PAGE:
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The revolution of 1861 : the American Civil War in the age of nationalist conflict / Andre M. Fleche.

By: Fleche, Andre M.
Material type: TextTextSeries: Civil War America (Series): Publisher: Chapel Hill : University of North Carolina Press, [2012]Copyright date: ©2012Description: xii, 204 pages : illustrations ; 25 cm.Content type: text Media type: unmediated Carrier type: volumeISBN: 9780807835234 (cloth : alk. paper); 0807835234 (cloth : alk. paper).Subject(s): United States -- History -- Civil War, 1861-1865 -- Causes | Nationalism -- United States -- History -- 19th century | Nationalism -- Southern States -- History -- 19th century | Nationalism -- Confederate States of America -- History | Self-determination, National -- United States -- History -- 19th century | Self-determination, National -- Europe -- History -- 19th century | Europe -- History -- 1848-1849 | Revolutions -- Europe -- History -- 19th centuryDDC classification: 973.7
Contents:
Introduction : the American Civil War and the age of revolution -- World revolutions and the coming of the American Civil War -- The revolution of 1861 -- The problem of northern nationalism -- The South and the principle of self-determination -- The last best hope of earth -- The white republic -- Conclusion : American nationalism and the nineteenth-century world.
Summary: "Grounding the causes and philosophies of the Civil War in an international context, Andre Fleche examines how questions of national self-determination, race, class, and labor the world over influenced American interpretations of the strains on the Union and the growing differences between North and South. Setting familiar events in an international context, Fleche enlarges our understanding of nationalism in the nineteenth century"--Jacket.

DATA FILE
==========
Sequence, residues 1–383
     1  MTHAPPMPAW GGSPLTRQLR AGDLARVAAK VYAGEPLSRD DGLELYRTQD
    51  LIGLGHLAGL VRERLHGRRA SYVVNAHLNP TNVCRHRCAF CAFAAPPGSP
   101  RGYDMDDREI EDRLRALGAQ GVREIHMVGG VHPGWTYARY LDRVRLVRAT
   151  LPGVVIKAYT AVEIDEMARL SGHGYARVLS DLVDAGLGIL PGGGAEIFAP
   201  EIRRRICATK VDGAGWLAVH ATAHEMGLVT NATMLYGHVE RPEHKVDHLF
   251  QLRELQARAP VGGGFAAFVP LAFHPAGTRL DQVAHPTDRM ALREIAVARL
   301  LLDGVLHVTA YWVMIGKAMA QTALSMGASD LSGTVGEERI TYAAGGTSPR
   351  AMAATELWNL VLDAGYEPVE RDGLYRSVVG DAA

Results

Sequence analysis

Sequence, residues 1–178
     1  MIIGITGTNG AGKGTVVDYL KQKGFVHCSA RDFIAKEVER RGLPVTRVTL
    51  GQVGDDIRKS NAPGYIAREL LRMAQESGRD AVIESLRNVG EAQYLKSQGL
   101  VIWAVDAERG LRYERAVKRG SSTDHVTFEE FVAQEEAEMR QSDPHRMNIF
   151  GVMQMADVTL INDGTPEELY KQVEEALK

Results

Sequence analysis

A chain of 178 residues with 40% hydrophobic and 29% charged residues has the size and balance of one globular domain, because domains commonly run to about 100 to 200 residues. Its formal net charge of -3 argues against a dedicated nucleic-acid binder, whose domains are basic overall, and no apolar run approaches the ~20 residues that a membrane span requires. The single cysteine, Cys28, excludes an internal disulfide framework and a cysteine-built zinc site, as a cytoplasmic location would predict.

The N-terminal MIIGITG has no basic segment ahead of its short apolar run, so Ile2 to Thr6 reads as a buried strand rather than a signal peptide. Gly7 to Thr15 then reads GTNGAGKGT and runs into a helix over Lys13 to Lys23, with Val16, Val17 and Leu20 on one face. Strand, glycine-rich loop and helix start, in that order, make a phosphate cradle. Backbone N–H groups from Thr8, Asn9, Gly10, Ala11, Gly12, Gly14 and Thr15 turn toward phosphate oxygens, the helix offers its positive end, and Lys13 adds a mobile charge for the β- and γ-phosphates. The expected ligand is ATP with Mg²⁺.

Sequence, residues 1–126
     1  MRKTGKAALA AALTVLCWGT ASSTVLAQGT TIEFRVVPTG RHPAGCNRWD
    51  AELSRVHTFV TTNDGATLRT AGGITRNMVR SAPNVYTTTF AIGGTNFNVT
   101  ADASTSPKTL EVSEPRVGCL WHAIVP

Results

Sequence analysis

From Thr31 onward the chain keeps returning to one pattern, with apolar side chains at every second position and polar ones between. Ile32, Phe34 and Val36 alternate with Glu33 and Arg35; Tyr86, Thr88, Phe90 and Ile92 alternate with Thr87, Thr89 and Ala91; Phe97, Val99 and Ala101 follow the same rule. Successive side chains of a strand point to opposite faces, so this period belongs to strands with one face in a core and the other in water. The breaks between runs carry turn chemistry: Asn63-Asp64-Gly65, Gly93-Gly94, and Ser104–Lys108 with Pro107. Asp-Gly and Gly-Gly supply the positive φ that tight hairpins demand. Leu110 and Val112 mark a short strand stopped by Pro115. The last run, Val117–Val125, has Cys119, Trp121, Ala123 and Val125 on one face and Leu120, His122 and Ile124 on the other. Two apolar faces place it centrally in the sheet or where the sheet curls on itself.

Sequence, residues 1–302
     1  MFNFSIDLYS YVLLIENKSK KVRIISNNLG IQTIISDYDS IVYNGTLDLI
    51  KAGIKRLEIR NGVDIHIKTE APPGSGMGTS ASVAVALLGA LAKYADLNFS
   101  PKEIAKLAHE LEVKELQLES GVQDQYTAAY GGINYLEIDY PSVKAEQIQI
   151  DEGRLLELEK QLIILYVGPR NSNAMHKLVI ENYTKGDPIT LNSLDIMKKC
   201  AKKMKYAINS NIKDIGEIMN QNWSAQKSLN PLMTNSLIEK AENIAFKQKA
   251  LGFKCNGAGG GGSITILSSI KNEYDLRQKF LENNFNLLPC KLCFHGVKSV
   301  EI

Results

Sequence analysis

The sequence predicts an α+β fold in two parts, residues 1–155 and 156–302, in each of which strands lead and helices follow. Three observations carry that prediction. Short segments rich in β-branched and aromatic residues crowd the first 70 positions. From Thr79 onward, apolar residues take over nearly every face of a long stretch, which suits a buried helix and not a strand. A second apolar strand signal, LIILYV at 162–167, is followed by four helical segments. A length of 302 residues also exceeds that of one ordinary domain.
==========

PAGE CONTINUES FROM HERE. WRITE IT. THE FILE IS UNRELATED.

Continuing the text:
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Item type Current location Call number Status Date due Barcode
Book University of Texas At Tyler
Stacks - 3rd Floor
E459 .F54 2012 (Browse shelf) Available 0000002128973

Includes bibliographical references (pages 183-198) and index.

Introduction : the American Civil War and the age of revolution -- World revolutions and the coming of the American Civil War -- The revolution of 1861 -- The problem of northern nationalism -- The South and the principle of self-determination -- The last best hope of earth -- The white republic -- Conclusion : American nationalism and the nineteenth-century world.

"Grounding the causes and philosophies of the Civil War in an international context, Andre Fleche examines how questions of national self-determination, race, class, and labor the world over influenced American interpretations of the strains on the Union and the growing differences between North and South. Setting familiar events in an international context, Fleche enlarges our understanding of nationalism in the nineteenth century"--Jacket.

Reviews provided by Syndetics

CHOICE Review

Brief but admirably concise and cogent, this volume focuses on some ideological dimensions of the US Civil War. Fleche (Castleton State College) places the conflict in the broader context of evolving conceptions of nationalism in an era of widespread nationalist turmoil. The book's six chapters examine the domestic debate over the meaning of foreign nationalist revolts (chiefly those of Europe in 1848), diverging Northern and Southern theories of nationalism during the Civil War, and finally how the debate over slavery transformed thinking about nationalism. Working from primary sources that include manuscript collections, official documents, newspapers, and periodicals, as well as from secondary sources, the author convincingly chronicles the influence of refugee "Forty-eighters" on the debate, demonstrating that while many were drawn to the Unionist vision of nationhood, others found Southern professions of the primacy of self-determination more compelling. Likewise, many Americans based their understandings of nationalism on nationalist struggles abroad, with Northerners and Southerners often interpreting these foreign conflicts quite differently. The chapter dealing with how emancipation completely reshaped the debate about the meaning of nationalism is especially laudable. This study demonstrates that there are still fertile fields of inquiry about a much-studied war. Summing Up: Highly recommended. Most levels/libraries. B. T. Browne Broward College

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